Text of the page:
FDA has previously expressed a preference for an FOP symbol that rates the nutritional value of food rather than one that simply summarizes key information from the Nutrition Facts panel.  FDA has before it IOM recommendations for an FOP label rating based on a rating system that takes into account a food’s calorie, saturated/trans fat, sodium, and added sugars content.  If the agency decides to turn its attention back to FOP nutrition labeling, it will likely test consumer comprehension of a system based on IOM’s recommendations against the industry’s Facts Up Front program.  That may not occur, however, until 2015, after Facts Up Front has been in full use for a year.   Should FDA’s studies suggest that a FOP labeling system based on IOM’s recommendations more effectively communicate nutrition information to consumers, we should expect the announcement of a model government program — unless the clock runs out.  Consumer studies take time to conduct and evaluate, and guidance programs take time to develop and be written up for publication in the Federal Register.  It may well be 2016 until the agency has something to say on the issue.  And guess what, we will then be back in a new election year cycle.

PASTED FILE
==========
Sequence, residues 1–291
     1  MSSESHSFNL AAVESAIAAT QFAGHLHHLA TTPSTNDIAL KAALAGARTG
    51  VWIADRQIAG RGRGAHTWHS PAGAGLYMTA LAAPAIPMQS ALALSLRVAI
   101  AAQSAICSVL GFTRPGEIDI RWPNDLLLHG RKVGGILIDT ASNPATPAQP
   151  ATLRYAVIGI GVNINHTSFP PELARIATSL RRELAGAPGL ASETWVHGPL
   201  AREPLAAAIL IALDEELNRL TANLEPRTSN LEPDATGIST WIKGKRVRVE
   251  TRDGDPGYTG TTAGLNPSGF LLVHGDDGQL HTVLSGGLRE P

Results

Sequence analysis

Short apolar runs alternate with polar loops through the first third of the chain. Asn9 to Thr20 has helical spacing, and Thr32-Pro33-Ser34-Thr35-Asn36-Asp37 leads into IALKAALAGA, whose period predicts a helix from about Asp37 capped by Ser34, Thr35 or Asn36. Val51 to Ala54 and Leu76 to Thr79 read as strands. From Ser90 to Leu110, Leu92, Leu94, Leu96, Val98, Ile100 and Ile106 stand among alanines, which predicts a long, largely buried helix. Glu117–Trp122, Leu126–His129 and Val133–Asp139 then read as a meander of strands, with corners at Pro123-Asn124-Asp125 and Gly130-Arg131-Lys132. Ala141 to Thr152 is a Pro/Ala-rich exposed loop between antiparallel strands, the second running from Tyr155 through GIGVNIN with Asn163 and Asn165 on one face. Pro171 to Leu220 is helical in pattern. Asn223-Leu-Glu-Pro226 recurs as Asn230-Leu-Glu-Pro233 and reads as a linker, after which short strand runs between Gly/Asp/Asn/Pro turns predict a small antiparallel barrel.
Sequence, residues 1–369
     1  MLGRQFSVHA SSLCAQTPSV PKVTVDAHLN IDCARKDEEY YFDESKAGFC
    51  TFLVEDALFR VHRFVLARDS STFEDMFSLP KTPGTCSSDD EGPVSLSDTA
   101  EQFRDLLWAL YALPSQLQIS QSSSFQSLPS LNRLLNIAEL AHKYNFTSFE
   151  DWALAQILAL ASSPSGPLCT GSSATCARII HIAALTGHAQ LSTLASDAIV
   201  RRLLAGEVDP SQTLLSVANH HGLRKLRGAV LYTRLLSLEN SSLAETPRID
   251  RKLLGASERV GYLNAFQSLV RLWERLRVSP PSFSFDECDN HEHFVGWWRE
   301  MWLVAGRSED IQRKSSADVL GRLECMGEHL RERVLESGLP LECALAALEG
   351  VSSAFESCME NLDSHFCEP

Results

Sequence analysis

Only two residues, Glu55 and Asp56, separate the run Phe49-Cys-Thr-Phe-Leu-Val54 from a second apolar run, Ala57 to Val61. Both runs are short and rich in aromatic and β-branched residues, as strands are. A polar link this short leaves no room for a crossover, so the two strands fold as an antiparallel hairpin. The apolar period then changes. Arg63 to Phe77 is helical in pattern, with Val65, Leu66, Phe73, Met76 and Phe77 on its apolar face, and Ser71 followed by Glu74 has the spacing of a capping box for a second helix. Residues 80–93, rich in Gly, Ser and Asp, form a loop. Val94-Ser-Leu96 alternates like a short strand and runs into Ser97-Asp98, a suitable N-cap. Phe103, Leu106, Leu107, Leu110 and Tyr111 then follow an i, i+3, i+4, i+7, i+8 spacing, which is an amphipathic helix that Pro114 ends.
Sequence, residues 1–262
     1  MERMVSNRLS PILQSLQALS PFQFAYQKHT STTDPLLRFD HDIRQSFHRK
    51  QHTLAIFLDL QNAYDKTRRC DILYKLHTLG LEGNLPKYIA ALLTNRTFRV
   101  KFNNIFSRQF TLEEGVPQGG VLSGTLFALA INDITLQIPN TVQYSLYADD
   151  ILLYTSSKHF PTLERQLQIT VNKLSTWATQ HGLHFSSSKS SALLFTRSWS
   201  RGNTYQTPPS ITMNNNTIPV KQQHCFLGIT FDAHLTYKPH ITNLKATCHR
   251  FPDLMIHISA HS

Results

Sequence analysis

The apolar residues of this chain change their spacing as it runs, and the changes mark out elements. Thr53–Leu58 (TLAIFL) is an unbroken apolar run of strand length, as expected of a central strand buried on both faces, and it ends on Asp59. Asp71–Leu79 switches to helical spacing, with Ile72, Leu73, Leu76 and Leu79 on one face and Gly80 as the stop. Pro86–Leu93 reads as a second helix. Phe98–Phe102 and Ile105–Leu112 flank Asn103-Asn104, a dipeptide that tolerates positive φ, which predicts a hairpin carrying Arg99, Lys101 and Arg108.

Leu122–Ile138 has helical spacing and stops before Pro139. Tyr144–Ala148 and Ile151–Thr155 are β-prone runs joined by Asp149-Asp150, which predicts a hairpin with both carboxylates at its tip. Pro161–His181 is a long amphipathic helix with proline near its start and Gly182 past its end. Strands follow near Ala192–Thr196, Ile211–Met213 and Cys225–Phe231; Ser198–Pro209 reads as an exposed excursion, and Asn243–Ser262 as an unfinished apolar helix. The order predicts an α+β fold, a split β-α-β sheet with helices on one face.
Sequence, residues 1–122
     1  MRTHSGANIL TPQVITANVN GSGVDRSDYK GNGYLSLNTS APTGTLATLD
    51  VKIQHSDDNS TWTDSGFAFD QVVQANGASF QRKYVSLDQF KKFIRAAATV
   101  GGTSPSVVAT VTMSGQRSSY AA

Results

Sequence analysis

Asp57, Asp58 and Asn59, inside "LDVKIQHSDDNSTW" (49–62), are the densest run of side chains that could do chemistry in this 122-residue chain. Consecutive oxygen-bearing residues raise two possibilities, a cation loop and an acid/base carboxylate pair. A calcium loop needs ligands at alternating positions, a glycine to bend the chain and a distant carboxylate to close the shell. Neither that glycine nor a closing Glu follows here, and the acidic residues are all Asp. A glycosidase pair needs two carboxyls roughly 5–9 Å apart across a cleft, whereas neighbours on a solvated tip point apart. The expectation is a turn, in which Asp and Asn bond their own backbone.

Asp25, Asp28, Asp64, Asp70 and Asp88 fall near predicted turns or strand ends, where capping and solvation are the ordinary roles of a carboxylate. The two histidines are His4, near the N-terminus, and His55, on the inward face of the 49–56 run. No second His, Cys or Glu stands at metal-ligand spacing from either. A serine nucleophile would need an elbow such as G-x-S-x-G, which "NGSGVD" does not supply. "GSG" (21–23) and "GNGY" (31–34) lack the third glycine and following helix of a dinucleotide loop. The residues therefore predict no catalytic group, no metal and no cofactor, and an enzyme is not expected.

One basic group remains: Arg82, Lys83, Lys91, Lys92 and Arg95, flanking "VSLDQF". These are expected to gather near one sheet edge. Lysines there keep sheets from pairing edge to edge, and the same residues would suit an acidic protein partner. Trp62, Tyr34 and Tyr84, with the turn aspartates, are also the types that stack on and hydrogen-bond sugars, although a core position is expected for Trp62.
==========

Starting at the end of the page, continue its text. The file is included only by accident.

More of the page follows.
Information from the United Kingdom, however, may be instructive.  The UK Food Standards Agency (FSA) pioneered the development of a voluntary “traffic light” labeling system for use on the FOP in 2007.  Initially, the model system was rejected by manufacturers, and most retailers.  A change in governments (from liberal to conservative) took the model traffic light system off the FSA main web site for a time and placed it under a hard to find “archives” link.  But despite political trends, market forces ultimately prevailed.  Gradually, retailers began using the government scheme on private labels and freshly prepared items sold in stores.  The result is that most major food retailers in the UK, including ASDA owned by Wal-Mart, and TESCO, the largest retailer in the UK, have agreed to use the system, with smaller retailers following in their wake, .

The development of an official FDA model FOP system, even in the last days of the President’s second term, could eventually lead to similar developments in the U.S.

More From

Subscribe

Subscribe to receive OFW’s Food & Agriculture World Insights Newsletter.